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The SI system recommends a space between a number and its units degree in most cases except for the rare symbols for degree, minute, and second for plane angle, as in 30° 22′ 8″. Yet it's very common at photo.SE to denote lenses as 50mm and not 50 mm. To me as a scientist I find it rather disturbing but I can accept it if it's so common in the photographic that it can stand as an exception to the rule. How should the matter be treated?

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    I would probably reject such edits unless it was a part of a larger change. The issue is simply too minor for me.
    – Joanne C
    Jul 3 '15 at 22:47
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    JoanneC: unless it was several instances the change would be too small for it to be accepted. You need six character changes for the site to accept an edit.
    – SailorCire
    Jul 8 '15 at 14:56
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    @SailorCire - if it was the only change, even a handful of them, I would reject it.
    – Joanne C
    Jul 8 '15 at 18:51
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The lack of spaces between numerals and units is not just accepted, but very standard in photography. Note that this kind of thing is style, not grammar, if that helps you feel better about it.

In specific, it is typical to use no space when the measurement is used as part of a name — 35mm film, or a 200mm lens. This is correct in photography and should not be changed. I can see the argument that a space should be used in other cases, for actual measurements, not names.

Perhaps one factor there is that the "measurements" in names is nominal — a 50mm lens may actually have a focal length of 53 millimeters, and that might change with focus distance.

This phenomena where the space is omitted in names is common elsewhere, too — "400m dash", for example (although I would never expected it to be the case for non-abbreviated units — "400meter dash" looks clearly wrong).

I think this convention might also be reflected in spoken language, as well. When saying measurements out loud, often the unit gets emphasis, or at least the emphasis is even between the value and the units. When saying "85mm lens", however, it sounds funny if the speaker emphasizes "mm" — the emphasis should clearly be on the "85". My hunch is that the lack of a space is a subconscious attempt to encode that.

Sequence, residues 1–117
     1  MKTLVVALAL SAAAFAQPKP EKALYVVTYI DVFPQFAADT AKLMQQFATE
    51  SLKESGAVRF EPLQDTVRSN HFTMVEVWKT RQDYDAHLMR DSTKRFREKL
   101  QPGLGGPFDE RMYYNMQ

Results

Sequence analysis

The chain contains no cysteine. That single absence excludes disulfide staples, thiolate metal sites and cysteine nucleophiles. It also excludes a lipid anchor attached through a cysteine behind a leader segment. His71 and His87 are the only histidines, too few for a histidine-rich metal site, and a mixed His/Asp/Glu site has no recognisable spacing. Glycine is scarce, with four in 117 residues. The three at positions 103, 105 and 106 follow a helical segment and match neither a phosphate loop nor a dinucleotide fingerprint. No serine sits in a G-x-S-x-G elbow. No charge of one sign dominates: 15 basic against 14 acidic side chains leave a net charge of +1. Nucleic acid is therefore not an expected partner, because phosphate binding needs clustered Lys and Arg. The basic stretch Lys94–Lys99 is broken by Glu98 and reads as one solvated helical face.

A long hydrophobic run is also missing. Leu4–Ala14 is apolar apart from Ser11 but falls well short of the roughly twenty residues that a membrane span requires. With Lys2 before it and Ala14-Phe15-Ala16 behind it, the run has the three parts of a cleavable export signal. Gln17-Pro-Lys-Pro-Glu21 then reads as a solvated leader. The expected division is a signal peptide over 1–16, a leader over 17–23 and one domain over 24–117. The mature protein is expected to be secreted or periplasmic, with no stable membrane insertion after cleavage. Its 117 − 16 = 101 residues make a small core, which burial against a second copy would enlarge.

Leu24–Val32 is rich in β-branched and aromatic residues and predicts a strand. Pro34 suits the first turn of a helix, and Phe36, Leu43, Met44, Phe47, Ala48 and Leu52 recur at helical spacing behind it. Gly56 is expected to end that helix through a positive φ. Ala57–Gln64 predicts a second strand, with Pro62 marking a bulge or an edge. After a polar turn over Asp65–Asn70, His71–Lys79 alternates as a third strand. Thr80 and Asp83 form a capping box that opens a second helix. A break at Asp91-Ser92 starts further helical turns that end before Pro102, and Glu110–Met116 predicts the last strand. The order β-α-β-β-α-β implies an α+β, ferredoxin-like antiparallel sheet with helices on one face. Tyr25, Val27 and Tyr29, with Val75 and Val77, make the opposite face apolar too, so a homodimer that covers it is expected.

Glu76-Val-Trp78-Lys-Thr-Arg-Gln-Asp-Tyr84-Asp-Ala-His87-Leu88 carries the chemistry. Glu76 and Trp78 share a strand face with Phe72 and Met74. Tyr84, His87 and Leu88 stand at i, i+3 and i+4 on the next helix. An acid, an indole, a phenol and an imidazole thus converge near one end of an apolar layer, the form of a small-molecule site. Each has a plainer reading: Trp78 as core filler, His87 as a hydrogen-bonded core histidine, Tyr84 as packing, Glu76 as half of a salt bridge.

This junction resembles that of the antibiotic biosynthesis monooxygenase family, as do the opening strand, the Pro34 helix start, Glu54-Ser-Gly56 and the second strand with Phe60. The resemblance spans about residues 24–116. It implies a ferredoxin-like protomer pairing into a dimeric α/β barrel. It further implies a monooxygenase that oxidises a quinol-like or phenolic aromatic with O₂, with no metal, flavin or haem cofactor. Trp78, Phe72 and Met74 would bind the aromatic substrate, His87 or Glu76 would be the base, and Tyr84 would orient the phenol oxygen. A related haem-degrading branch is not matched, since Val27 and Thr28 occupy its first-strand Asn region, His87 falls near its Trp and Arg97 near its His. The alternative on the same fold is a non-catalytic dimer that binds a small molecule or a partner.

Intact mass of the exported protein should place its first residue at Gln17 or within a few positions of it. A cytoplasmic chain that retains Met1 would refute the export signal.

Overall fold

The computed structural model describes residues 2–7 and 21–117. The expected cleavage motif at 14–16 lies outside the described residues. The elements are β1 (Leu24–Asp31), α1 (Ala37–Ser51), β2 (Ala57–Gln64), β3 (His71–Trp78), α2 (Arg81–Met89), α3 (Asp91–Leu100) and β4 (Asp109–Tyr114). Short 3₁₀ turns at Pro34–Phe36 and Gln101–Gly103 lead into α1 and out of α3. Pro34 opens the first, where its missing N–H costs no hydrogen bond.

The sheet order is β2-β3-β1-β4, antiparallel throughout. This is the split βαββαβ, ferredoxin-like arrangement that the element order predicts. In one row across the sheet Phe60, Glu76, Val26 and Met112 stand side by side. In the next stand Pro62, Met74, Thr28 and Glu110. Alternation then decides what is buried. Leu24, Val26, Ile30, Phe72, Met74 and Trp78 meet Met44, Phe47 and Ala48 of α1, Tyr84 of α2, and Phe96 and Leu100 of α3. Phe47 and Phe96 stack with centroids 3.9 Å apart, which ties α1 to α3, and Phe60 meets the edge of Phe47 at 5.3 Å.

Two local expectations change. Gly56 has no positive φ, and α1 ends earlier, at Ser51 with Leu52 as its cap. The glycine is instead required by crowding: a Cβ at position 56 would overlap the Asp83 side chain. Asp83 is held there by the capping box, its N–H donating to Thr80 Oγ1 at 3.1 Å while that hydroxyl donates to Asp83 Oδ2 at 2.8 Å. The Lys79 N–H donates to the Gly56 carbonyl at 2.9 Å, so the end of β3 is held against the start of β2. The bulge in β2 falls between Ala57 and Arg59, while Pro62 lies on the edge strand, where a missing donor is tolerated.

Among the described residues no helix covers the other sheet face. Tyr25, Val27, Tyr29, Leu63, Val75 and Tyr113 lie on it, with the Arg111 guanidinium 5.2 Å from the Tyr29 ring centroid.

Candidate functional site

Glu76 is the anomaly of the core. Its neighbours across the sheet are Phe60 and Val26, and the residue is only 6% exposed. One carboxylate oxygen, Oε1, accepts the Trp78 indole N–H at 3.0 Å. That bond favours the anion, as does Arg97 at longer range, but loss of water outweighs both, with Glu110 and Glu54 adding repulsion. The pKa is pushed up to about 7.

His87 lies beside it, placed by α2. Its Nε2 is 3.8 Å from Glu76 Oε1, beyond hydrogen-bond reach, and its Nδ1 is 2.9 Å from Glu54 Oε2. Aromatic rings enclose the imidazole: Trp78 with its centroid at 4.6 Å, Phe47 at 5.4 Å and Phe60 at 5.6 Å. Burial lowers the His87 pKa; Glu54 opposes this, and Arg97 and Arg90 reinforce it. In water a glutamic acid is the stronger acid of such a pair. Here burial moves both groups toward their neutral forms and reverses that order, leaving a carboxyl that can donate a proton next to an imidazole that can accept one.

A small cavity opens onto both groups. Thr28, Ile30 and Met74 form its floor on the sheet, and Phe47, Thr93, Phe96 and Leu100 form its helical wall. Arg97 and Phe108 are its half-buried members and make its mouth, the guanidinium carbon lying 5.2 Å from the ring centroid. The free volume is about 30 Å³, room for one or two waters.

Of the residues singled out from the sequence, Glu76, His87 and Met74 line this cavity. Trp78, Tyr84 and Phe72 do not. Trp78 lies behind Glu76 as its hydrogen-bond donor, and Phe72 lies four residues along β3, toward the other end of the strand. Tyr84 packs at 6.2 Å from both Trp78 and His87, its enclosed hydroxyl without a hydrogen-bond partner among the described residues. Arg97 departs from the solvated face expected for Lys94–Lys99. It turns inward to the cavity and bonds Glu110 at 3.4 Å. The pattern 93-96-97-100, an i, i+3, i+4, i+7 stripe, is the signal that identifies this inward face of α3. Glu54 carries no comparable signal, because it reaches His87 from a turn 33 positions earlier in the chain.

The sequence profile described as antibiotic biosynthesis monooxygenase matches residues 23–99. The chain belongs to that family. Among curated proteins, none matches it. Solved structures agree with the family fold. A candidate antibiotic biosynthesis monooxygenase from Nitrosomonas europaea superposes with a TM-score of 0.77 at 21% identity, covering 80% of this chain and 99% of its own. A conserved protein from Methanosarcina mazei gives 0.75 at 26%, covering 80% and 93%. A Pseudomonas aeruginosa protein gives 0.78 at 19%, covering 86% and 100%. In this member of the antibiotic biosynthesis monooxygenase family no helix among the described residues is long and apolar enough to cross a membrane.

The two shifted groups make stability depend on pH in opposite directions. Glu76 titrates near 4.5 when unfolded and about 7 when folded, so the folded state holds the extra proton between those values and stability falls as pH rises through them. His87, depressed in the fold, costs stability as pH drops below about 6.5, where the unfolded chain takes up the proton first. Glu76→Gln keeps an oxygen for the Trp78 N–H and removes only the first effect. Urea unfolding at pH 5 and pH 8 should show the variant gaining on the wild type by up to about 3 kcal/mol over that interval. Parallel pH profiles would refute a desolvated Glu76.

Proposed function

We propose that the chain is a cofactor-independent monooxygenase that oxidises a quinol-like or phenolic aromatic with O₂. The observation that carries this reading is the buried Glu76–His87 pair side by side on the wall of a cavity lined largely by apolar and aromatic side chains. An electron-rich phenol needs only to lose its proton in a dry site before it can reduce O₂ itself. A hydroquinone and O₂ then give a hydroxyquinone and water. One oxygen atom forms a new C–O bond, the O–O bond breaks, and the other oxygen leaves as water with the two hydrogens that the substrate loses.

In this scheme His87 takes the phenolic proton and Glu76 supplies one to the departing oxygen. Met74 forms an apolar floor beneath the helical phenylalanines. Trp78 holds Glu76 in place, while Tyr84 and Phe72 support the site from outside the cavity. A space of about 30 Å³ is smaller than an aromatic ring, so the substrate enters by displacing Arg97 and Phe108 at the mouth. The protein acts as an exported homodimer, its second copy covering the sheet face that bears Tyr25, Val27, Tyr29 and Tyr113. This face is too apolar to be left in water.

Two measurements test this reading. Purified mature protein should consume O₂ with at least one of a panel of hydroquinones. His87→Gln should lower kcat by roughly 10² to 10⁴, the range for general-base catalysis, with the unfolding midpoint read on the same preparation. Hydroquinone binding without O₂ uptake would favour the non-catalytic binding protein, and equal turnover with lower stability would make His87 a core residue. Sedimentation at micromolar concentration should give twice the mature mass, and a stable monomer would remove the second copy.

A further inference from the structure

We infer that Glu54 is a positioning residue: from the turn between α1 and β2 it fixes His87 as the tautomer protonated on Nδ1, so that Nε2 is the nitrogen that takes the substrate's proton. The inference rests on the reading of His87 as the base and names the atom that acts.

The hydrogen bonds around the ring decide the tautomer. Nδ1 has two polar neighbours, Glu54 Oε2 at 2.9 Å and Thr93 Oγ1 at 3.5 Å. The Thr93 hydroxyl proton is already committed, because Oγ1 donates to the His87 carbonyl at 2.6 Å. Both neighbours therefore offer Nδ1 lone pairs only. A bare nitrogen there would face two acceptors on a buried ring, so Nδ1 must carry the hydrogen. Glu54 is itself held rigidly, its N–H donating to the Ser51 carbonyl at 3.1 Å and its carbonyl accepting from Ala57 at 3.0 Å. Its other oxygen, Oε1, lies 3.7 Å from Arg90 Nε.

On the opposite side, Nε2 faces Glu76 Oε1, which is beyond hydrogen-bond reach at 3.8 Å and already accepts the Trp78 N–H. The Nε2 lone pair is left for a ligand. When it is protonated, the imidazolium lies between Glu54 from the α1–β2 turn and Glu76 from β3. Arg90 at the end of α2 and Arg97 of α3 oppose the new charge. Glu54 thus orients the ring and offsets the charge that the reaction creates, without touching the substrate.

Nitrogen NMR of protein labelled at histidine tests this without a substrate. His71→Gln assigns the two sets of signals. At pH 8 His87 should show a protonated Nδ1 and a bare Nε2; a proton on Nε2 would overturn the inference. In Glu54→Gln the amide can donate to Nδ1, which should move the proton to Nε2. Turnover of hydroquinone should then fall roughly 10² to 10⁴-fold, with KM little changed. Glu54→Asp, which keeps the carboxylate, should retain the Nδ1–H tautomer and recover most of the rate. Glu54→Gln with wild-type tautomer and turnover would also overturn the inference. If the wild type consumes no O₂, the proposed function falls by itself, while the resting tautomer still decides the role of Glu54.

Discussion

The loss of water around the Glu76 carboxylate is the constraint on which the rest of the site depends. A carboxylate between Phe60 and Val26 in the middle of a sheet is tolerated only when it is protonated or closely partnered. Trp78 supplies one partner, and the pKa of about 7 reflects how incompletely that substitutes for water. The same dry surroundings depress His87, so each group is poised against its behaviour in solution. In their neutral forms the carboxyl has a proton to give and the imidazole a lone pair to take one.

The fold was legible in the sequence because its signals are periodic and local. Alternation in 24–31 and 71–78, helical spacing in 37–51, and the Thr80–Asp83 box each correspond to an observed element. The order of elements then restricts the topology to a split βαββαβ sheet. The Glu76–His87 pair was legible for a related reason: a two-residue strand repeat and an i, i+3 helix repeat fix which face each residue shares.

But, that said, once the convention is common in the field, you'll see it in actual measurements, too. I agree that this is technically wrong in many accepted styles, like the SI guidelines you refer to, but note that it is correct under AP style as used in most newspapers.

National Geographic's style guide says that a hyphen should be used when the measurement is part of a compound modifier, like "25-meter drop", but also notes:

In photographic data, film and lens sizes are often written without a hyphen:

  •      35mm film
    
  •      200mm zoom
    
  • a 35-millimeter slide; 35-mm slide or 35mm slide

Overall, I agree with Joanne's comment above — it's too trivial alone. If you have other improvements, it doesn't hurt to add spaces when it's not lens size, film type, or the like — but don't bother with edits just for this, and please don't add spaces in photographic data.

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  • +1 My background is software engineering and supporting documents by mechanical/electrical engineers rather than purely scientific but I don't recall ever seeing a space between a value and unit abbreviation in technical documents that I've worked on. A space may become a line break point and be a potential source of ambiguity. Jul 26 '15 at 0:09
  • @JamesSnell Many people do not know about the space between the unit and numeral. Regarding the risk that the space becomes a line break, many scientific word processors have protected environments to prevent this from happening.
    – Hugo
    Sep 9 '15 at 19:04

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